Fichigan

Small Stream Trout fishing in Michigan

Archive for the category “Trout Advice”

Casting Practice on the Little South

Denny, a trout camp irregular, sent Feral and I an invite to camp this last weekend with the idea the trout would be biting with the predicted rain storms. I didn’t want to pass on a chance to camp, and maybe play some late night guitar, but there was nothing about the weather report that suggested we might stay dry. So a fun night of beer and guitar was possible, but unlikely. I said yes, we set up camp in a drizzle, and hit the streams.

I fished a stretch with Denny on the Little South. It was the first time we shared a stream together in years. I hung back mostly and noticed right off he had the Lucas underhand flip cast down solid. The other thing I noticed was his set-up, a Shakespeare 1810 reel and a spinning rod with the reel seat at the base of the rod. Turns out he modified a standard spinning rod in order to get what he wanted. Spinning rods with long cork handles and sliding rings are getting hard to find, and you pay a lot for them. Denny made do and it worked because he was slinging a bargain bin minnow bait (60 cents!) into tight cover. I have to start looking harder at bargain bins because his lure was convincing.

The stream was up a little from summer levels but clear as glass, which is good and bad. The fish can see the lures, and the fish can see you. I hung back mostly watching Denny work the cover and talk about everything. I would never call Denny a motor-mouth because sometimes a motor fails. (ha!) I was entertained. He caught a small keeper and lost one that might have been pretty good. Like a pro he rested fish for a couple minutes if he saw one make a pass at his lure. Basically letting the fish get back to its feeding spot, then making the same cast. Often good for fish.

After a night of rain we went back to the Little South, but this time we cut off a couple stretches, with the idea I would meet up with Denny in 2 hours so we could head back and break camp before the 11:00 AM check-out. The morning fish was productive. I caught 3 decent browns and missed a very nice one, probably 18 inches. Denny caught a keeper and saw a good one also. I caught the fish in the photo below which is larger that you might think. That’s a #11, 3-hook Rapala. The fish was probably 15 inches.

So Denny and I both have stuff drying out in our garages this morning. And a fun trip behind us. Feral didn’t camp but did show up at dusk, with Jake, his son, to jam guitars but the rain picked up as they pulled in. They hung out for a bit, but no sense standing around getting soaked. Jake has a commission from the city of Alpena for a park sculpture which requires some serious metal working tools and skill. Feral has a machine shop and the two of them are fabricating some pieces for the sculpture on weekends. Denny just returned from Nazareth, PA where he built a guitar in a small class run by Martin Guitar employees. He needs to put on a finish coat before he takes it camping. My thought, some dry weekend let’s try again.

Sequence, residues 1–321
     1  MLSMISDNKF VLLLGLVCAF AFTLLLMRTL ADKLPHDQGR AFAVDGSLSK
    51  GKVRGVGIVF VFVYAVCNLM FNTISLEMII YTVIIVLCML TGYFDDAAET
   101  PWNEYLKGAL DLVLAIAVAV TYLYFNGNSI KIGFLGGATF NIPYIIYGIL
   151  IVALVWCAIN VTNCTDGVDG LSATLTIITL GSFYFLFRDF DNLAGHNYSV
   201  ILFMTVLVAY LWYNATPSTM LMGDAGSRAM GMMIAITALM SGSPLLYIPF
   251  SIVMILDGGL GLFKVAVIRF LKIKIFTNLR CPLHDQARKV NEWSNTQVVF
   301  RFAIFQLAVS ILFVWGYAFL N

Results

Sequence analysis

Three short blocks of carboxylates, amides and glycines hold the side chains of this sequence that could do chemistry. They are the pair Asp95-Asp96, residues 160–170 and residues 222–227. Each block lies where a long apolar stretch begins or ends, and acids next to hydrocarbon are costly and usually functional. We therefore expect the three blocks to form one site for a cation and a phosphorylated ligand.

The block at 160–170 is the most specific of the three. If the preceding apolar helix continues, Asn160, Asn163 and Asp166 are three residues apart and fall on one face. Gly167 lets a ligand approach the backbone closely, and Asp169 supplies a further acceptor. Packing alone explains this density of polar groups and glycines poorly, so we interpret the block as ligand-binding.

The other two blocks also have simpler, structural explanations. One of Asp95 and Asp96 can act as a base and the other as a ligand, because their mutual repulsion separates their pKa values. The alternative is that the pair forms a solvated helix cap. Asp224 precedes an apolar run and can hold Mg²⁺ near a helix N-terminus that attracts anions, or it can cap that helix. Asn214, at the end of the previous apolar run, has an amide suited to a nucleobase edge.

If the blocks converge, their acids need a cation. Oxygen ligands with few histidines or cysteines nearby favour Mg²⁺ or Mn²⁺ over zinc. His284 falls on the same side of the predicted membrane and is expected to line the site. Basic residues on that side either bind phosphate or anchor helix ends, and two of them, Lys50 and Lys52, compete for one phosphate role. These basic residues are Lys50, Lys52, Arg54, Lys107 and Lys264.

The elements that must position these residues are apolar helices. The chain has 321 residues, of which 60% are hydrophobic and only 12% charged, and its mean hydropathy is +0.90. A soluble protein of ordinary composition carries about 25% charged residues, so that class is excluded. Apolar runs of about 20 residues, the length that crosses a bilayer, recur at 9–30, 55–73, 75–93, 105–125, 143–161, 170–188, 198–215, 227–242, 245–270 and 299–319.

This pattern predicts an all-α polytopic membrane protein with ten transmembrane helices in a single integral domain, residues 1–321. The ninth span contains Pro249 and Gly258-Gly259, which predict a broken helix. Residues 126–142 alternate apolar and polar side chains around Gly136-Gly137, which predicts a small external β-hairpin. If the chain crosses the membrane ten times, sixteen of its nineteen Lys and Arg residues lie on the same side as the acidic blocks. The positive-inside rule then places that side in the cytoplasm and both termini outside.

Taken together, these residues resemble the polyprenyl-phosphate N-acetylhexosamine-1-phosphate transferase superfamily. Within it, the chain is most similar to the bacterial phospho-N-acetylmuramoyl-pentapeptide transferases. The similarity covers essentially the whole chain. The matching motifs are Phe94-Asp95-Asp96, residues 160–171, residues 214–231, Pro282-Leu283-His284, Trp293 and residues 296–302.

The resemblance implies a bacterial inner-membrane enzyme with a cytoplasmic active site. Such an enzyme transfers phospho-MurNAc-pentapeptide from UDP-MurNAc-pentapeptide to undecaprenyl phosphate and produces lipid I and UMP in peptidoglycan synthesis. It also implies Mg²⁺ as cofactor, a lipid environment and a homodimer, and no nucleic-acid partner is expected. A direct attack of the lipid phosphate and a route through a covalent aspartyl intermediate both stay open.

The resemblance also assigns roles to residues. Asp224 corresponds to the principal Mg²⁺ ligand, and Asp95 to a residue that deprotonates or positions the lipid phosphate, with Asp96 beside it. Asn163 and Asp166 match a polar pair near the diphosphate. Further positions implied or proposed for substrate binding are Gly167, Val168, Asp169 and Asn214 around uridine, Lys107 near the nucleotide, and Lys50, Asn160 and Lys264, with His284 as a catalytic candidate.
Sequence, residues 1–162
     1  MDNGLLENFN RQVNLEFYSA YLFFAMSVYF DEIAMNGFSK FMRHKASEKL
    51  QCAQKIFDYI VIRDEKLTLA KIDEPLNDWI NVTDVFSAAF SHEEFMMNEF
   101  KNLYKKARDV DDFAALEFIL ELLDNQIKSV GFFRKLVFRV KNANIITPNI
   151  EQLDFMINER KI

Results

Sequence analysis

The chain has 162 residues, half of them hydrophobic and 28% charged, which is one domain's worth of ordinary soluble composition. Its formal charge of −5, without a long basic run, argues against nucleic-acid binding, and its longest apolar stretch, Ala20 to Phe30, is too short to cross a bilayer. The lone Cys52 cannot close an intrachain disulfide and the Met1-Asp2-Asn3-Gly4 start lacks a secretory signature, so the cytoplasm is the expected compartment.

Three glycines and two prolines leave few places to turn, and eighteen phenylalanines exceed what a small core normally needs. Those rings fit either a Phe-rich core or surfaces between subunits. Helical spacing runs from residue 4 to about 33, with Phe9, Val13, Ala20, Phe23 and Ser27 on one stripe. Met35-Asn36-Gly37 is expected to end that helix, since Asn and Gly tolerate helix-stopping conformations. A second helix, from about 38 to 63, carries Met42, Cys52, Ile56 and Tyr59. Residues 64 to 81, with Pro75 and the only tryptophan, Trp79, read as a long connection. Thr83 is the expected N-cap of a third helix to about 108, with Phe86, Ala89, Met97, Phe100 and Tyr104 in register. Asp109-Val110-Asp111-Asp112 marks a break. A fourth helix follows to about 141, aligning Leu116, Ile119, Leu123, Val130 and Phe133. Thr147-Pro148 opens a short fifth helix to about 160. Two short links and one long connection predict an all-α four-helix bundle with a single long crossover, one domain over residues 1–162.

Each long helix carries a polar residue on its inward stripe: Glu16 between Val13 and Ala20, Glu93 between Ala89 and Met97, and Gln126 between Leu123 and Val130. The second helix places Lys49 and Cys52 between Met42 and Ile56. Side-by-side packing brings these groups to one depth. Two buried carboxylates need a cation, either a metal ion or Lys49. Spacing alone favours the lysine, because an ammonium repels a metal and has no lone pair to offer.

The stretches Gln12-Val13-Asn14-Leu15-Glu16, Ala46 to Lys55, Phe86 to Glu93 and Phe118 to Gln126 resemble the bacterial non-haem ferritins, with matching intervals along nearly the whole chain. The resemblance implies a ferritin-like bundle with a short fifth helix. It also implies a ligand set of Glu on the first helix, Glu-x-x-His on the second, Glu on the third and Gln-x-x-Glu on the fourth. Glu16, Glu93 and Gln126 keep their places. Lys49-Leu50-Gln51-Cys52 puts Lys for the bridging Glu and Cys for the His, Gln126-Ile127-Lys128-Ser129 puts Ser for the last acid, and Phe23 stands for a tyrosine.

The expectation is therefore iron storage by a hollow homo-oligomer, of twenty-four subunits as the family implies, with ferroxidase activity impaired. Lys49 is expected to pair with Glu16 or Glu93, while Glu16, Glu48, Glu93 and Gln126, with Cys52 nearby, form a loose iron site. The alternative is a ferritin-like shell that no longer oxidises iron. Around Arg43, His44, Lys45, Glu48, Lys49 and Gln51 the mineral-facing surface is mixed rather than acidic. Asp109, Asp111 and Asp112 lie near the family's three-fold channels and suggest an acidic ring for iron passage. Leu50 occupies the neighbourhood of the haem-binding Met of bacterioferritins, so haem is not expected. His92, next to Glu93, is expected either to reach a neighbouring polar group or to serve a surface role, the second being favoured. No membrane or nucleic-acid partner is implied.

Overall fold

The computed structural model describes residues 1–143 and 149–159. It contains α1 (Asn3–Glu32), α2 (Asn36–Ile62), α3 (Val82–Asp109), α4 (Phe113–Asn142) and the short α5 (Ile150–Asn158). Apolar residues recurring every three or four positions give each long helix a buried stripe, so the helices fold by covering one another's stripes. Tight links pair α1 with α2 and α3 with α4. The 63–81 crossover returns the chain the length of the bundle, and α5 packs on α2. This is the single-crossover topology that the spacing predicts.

Michigan Fishing Regulations

Every year I buy my fishing license in March and make sure I grab the latest regulations booklet (usually available where you buy a license). If there is a major change to any rule it is often highlighted at the beginning, which is helpful. Beyond that I try to follow my own trout stream rules to stay legal, like never keep a trout under 12 inches (should be legal and I know I can get two good fillets), don’t keep more than three trout over 15 inches (which I never would anyway), five fish total in my possession, (no problem), and be nice to DNR officers.

In the booklet each species of trout or salmon is charted against stream types so it is possible to find specific trout and stream information but for some reason it is very hard to actually picture that chart in my head when I go fishing. To confuse the issue some streams have their own rules by county, and some streams do not allow lures (flies only). Catching a trout in a lake is much more complicated with six lake types and assorted size limits and rules. Better have the booklet handy, not to mention a county map.

Here’s an idea for a phone app. Stand next to a stream or lake and push a button and it tells you the name of the stream or lake, the trout sizes and possession limits, lures allowed, and the open season. An app to confirm you are not breaking the law if you start fishing! The app would be free and downloadable when you buy your license. This would save the cost of printing a 65 page booklet every year that nobody wants to wade through, a booklet so confusing there is no guarantee the reader will not break the law by accident.

The alternative to this idea is too horrible to imagine.. Simplify the Rules. For my part I have a hard time understanding or believing that every year the myriad of trout stream rules is reviewed with some practical goal in mind. I can picture two executives going over last years manual line by line and saying,”Sounds good. Let’s keep it.” I hope there’s more to it than that.

Tiny Spinners